Liquid nitrogen is inert, colourless, odourless, noncorrosive, nonflammable, and extremely cold.
Why this substance is hazardous
- Asphyxiation from the release of nitrogen either as a liquid or a gas reducing the oxygen content in the air.
- Freeze burns from spilled liquid nitrogen that leaves the dewar or the equipment, for example when retrieving samples.
- Pressure explosion of cryopreservation (cryo) vials caused by trapped liquid nitrogen rapidly heating inside the vial and changing state from liquid to gas.
- It has the potential to condense oxygen from the atmosphere to form liquid oxygen so increasing the risk of fire and explosion
Liquid nitrogen’s volume expands by 1: 700 from liquid to gas at room temperature. This results in the explosive qualities that nitrogen demonstrates in vials and other containers, that is not immediately recognisable from reading the Safety Data Sheets (SDS). Explosions are caused when liquid nitrogen is trapped in the sample vials at any part of the cryopreservation process. The explosion causes shrapnel and contents to be sprayed from the vial, which can cause injury and contamination.
- Liquid nitrogen is the commonest material to preserve biological samples at a temperature that stops biological processes.
- As part of the system to maintain superconducting magnets nuclear magnetic resonance spectroscopy (NMR) and magnetic resonance imaging (MRI).
Recommended Control Measures
- Store in well-ventilated areas, if indoors have oxygen alarms to warn of low oxygen levels.
- Have procedures in place to minimise the risks from lone working.
- When decanting liquid nitrogen from a pressurised dewar, always use a transfer dewar, which will reduce spills by controlling the rate of supply to a small transportable dewar.
- Never travel in lifts or use nitrogen in a small space. A small volume of liquid can evaporate to a 700 fold volume of gas that can displace oxygen to cause asphyxiation and death. Many scientists have died from nitrogen asphyxiation.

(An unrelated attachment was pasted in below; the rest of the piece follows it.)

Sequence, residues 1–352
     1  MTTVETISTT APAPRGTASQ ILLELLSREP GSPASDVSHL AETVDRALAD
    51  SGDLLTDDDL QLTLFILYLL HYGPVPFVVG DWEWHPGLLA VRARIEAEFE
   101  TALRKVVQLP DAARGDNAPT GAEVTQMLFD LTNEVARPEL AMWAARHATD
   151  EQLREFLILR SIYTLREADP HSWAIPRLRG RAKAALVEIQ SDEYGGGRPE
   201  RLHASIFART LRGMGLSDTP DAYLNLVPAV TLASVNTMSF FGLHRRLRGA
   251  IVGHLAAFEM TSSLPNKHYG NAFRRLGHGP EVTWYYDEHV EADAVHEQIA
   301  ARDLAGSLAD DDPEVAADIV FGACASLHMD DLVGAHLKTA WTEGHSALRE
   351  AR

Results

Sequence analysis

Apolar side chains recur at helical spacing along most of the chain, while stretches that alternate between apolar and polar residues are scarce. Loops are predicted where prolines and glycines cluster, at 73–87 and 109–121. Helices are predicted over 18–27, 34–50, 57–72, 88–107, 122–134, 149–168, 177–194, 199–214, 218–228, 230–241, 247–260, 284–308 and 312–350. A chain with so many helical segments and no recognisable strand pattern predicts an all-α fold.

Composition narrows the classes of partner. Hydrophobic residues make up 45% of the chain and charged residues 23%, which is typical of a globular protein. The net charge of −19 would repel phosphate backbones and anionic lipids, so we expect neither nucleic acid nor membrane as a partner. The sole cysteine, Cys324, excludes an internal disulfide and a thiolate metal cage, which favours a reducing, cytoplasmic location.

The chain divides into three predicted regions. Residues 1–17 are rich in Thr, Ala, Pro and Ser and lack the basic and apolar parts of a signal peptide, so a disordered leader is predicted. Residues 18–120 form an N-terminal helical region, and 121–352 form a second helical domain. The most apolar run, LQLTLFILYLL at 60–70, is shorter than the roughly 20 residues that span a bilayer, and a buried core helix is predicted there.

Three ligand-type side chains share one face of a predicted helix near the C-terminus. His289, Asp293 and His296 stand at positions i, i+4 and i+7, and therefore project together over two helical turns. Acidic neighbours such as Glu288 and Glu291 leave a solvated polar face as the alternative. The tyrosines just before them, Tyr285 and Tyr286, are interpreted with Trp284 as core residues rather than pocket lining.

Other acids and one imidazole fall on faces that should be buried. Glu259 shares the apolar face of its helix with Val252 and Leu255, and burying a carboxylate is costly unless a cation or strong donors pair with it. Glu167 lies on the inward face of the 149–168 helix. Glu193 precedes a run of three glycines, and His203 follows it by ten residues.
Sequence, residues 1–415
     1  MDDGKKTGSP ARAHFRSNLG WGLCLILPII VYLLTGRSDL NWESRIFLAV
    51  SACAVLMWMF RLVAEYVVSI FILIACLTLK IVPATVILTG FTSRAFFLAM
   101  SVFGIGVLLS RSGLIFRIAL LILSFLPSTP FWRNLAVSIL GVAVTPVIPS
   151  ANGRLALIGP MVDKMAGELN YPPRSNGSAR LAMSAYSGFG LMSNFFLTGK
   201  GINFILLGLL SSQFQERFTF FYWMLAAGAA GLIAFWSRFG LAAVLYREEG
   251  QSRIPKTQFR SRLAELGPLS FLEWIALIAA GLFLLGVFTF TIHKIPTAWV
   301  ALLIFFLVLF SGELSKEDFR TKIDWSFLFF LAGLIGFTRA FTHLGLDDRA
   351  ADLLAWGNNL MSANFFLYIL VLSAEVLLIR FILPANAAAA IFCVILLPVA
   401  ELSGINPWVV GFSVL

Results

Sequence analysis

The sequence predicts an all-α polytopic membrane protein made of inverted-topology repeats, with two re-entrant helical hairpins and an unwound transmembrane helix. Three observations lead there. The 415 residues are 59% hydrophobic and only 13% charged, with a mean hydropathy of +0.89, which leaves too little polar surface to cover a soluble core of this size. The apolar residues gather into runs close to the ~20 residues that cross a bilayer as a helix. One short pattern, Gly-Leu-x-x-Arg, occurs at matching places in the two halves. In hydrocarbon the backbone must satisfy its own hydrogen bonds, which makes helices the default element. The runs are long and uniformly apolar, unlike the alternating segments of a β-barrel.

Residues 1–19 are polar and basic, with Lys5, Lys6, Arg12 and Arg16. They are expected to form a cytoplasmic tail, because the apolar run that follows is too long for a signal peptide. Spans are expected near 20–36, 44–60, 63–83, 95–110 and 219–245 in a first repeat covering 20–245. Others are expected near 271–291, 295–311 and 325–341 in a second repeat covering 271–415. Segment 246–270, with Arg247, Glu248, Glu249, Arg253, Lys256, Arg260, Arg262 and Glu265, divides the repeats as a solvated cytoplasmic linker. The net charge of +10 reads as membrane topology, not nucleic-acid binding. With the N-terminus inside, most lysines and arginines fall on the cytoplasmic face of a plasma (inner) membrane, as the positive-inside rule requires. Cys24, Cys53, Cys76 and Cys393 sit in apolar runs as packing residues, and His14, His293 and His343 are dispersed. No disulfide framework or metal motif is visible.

- Properly induct and train new users - use the Local Induction for liquid nitrogen checklist.
- For cryostores, keep cryogenically preserved samples at low temperature and only handle as necessary. If handling a number of samples or raising samples to room temperature, do this as slowly as possible and place samples in a secondary container to contain the contents if an explosion occurs. Remember that even heat through gloves when holding samples in your hand will increase the rate of expansion within the vial.
- Elimination of cryo-storage is sometimes possible with the use of freezers, however there are costs associated with other methods (such as power) and the risk associated if there is a power failure
Personal Protective Equiment (PPE)
- As much skin as possible should be covered (lab coats with elastic cuffs and shoes that cover the top of the foot). Gloves should be worn due to the risk of samples being splashed on the skin, and to prevent cold burns. The type of glove needs to be assessed for the task being carried out.
- Eye protection needs to worn and the type of protection will depend on the task being done.
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Last updated: Tuesday, June 23, 2020